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The pandemic has sparked a massive surge in pet adoption and now local veterinarians are trying to keep up with the demand for appointments.
Since the early days of the pandemic’s onset, Templeton’s Main Street Small Animal Hospital has been a busy scene – with phones ringing on the phone and customers outside waiting for an appointment.
“Oh man, we are very busy!” Said Dr. Alex Gomes. “For the first hour or two of our day, it’s sure to be controlled chaos.”
Dr. Alex Gomes said that it’s not just his clinic that has so much traffic.
“We see this in all of veterinary medicine, not just on the Central Coast,” said Gomes. “But everywhere.”
Gomes said the surge in demand for veterinary services came from the dramatic increase in pet adoption during the pandemic and the increase in pet care requests as many people work from home with their pets by their side.
“So here and there they see little things a little more than they used to,” said Gomes. “Or they have a little more time working at home to go to the clinic.”
Demand for pet services has doubled the number of customers for Gomes’ clinic, resulting in longer waiting times for customer appointments.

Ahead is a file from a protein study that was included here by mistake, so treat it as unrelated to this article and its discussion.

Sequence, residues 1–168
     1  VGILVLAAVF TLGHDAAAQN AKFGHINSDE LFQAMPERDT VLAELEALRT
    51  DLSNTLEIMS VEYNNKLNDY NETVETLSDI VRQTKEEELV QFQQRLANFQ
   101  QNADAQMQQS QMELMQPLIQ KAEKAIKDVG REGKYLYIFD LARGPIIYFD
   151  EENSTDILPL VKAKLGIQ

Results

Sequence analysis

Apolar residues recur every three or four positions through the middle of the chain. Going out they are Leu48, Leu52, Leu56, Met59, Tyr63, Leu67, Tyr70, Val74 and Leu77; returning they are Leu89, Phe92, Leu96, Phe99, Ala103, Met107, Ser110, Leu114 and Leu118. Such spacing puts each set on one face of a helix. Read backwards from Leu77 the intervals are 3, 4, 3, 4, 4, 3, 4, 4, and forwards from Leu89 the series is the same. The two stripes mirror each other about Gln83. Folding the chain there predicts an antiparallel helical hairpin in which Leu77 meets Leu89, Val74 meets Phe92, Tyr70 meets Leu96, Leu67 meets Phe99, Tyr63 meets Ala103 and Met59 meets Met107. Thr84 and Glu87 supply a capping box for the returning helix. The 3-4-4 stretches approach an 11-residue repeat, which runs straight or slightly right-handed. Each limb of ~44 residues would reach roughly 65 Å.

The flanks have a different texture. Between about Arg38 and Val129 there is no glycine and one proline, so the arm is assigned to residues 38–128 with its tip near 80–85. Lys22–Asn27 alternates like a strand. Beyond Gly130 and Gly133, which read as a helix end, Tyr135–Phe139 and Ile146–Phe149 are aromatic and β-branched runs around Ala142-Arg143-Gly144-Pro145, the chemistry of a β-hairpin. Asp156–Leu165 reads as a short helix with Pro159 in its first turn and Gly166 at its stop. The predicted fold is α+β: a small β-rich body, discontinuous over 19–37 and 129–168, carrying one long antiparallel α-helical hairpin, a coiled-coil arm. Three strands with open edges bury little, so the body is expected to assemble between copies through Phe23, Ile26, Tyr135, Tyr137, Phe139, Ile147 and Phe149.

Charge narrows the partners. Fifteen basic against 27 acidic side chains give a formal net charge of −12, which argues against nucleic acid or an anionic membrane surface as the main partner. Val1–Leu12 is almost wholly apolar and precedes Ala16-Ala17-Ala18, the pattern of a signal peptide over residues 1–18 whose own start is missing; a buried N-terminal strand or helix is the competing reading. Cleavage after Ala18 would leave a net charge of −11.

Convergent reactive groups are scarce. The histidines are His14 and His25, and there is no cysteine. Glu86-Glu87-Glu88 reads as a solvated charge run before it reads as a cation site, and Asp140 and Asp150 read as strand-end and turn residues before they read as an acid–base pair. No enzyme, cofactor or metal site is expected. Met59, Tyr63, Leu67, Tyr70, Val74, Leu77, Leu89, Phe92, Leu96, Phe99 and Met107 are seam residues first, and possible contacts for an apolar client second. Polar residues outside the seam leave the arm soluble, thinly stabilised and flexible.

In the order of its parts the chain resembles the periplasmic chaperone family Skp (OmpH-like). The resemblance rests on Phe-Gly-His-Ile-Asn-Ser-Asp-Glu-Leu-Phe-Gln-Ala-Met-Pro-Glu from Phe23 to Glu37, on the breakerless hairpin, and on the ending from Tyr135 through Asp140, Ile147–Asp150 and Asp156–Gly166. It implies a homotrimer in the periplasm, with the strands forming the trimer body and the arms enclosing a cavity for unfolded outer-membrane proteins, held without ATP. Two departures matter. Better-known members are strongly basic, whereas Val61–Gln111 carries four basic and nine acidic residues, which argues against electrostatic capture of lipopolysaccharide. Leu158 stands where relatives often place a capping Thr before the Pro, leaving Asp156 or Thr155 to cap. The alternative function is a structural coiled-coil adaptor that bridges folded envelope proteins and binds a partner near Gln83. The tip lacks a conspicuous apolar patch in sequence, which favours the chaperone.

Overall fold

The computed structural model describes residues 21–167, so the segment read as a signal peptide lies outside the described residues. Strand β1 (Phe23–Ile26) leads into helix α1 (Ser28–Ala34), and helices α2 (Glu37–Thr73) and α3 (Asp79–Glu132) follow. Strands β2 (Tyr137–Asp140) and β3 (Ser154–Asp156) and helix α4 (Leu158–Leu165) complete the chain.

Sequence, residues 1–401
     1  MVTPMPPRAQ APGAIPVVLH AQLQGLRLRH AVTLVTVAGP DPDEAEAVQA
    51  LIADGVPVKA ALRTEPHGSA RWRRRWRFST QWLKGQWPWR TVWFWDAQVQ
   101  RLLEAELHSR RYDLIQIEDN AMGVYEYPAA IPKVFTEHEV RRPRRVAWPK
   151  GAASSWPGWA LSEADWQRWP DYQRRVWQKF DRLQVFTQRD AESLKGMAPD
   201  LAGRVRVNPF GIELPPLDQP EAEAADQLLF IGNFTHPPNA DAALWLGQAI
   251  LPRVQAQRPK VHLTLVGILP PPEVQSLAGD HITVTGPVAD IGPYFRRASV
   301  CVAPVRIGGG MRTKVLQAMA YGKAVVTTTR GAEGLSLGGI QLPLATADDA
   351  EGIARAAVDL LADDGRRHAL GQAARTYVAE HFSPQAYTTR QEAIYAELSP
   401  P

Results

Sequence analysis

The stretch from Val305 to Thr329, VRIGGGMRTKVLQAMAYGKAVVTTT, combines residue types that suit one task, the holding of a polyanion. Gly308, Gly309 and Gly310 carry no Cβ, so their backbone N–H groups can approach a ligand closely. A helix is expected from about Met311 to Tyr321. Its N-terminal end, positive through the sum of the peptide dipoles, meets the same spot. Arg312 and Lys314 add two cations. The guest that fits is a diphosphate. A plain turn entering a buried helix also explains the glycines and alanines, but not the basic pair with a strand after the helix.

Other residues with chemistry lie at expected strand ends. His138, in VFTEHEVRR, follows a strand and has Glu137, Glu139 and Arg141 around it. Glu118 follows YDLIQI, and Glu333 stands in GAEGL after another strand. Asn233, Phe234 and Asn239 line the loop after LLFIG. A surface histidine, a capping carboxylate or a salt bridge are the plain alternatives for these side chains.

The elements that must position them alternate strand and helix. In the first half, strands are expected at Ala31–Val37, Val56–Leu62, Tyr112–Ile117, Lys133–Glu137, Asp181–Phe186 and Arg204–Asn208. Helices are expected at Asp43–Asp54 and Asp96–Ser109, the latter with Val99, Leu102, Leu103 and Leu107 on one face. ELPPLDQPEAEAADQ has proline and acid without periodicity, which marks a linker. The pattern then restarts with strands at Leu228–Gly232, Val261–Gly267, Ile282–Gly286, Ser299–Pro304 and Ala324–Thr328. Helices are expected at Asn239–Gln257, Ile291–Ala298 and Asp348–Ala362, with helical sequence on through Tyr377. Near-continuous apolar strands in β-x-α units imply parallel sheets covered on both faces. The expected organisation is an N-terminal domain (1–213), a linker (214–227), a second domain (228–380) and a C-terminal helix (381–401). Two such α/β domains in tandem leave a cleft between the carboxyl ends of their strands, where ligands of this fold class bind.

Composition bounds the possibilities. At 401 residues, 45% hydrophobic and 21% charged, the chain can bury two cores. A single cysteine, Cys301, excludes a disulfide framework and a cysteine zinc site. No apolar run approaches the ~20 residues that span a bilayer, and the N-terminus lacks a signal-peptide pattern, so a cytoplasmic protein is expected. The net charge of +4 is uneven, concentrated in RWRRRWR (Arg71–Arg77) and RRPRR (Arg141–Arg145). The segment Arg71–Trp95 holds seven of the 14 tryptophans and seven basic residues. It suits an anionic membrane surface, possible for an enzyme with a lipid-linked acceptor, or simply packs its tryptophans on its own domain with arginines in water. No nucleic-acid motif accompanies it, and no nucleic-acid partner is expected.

“Not only do we see frustrated customers, but customers start beating,” said Gomes. “Customers who sit in the parking lot and post on Facebook are attacking the clinic and attacking certain vets – and that’s unfortunate.”
Gomes said that not only is the demand for pet care rising, but that veterinary clinics across the country are lagging behind in sourcing medicines and food due to the supply chain problems of the pandemic. In addition, there is a shortage of veterinary labor which exacerbates the problem.
The longer waiting times in the local veterinary clinics do not seem to be easing anytime soon.
“We’re not about to make money,” said Gomes. “We are only here for one reason and that is to help animals. So we have to understand that the vets in the community just ask for a little compassion and a little patience and understand that we are doing our best. “